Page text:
A fundamental difference between Eastern and Western medicine is that many of the Eastern traditions include practices that help one to develop and achieve optimal health and wellness before the onset of disease, infection and emotional problems. Prescribing Qi Gong to prevent and cure illnesses of the body, mind and spirit is quite typical for Chinese medicine practitioners, but anything similar is almost unheard of in Western healthcare.
In Chinese medicine and philosophy, Qi is thought of as “the natural force which fills the universe,” and while there are many ways of defining Qi, it may be generally thought of as any and all types of energy which are “able to demonstrate power and strength,” including the power to animate objects with life. 
“It is known that all diseases arise from the upset of qi: Anger pushes the qi up, joy makes the qi slacken, grief disperses the qi, fear brings the qi down, terror confuses the qi, and anxiety causes the qi to stagnate. Anger harms the liver, joy the heart, anxiety the spleen, grief the lungs, and fear the kidneys.” – The Nei Jing
Primarily handed down from generation to generation by word of mouth and in actual practice, not in written texts, the ancient Chinese practices of Qi Gong can vary wildly between teachers and schools of thought. It can be many things including physical exercises (both standing and seated), forms that resemble martial arts, breathing exercises, visualizations and, or, meditations.
The system is incredibly diverse, however, the science behind the flow of energy in and around the body has been well documented for thousands of years, and many schools of thought are in concurrence about many of the basic and even more esoteric concepts and terms involved. Among the most important concepts in Qi Gong training is an understanding of what are known as ‘San Bǎo’ (三寶), or, The Three Treasures.
Jing (Essence), Qi (Internal Energy), and Shen (Spirit), are the Three Treasures, The Three Foundations, or The Three Origins, and are the root of life.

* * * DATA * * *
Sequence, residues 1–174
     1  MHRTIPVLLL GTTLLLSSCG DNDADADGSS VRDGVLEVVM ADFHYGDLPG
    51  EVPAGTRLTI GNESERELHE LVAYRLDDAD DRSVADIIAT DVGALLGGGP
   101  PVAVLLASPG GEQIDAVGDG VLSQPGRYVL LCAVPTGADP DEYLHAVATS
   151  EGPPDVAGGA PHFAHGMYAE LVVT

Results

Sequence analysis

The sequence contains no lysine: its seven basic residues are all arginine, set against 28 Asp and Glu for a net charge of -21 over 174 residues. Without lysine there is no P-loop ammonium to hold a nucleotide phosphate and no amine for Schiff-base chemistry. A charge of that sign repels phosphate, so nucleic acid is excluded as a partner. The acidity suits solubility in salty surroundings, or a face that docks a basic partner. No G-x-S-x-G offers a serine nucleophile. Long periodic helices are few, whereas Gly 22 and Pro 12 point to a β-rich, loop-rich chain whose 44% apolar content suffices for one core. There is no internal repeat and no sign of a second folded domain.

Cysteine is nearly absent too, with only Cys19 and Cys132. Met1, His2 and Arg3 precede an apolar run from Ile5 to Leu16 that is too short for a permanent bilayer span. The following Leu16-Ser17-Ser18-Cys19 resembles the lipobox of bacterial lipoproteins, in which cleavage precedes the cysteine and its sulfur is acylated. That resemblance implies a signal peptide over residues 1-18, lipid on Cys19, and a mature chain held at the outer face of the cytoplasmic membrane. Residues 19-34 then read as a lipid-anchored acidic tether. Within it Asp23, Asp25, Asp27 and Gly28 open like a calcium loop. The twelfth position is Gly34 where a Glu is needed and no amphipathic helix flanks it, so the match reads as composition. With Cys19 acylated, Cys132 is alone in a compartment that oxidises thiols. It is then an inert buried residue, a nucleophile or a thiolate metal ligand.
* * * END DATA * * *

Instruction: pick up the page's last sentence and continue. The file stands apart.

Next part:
“In Qi Gong training, a practitioner learns how to ‘firm his jing,’ and how to convert it into Qi. This is called ‘Lian Jing Hua Qi,’ which means to ‘to refine the Jing and convert it into Qi.’ Then he learns how to lead the Qi to the head to onvert it into Shen. This is called ‘Lian Qi Hua Shen,’ which means ‘to refine the Qi and convert it into (nourish) the Shen.’ Finally the practitioner learns to use his energized Shen to govern the emotional part of his personality. This is called, ‘Lian Shen Liao Xing, or ‘to refine the Shen to end human (emotional) nature.’” -Dr. Yang, Jwing-Ming 
Jing means a number of things and as a word it can be used as a noun, a verb or an adjective. It is considered the essence, the original source from which a thing is made, and also the refining process by which a person’s essence is polished or sharpened. Jing is the energy given to you at birth that enables you to grow and to develop strength. Many believe it to be the most important part of a you because it is considered to be the root energy to Qi and Shen. Learning first how to conserve and firm your original Jing is critical to Qi Gong training.
Qi is, again, the energy that fills the universe. There really is no clear explanation of how it works or of the vessels ….
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Source: transients.info: The Three Taoist Treasures of the Energy Body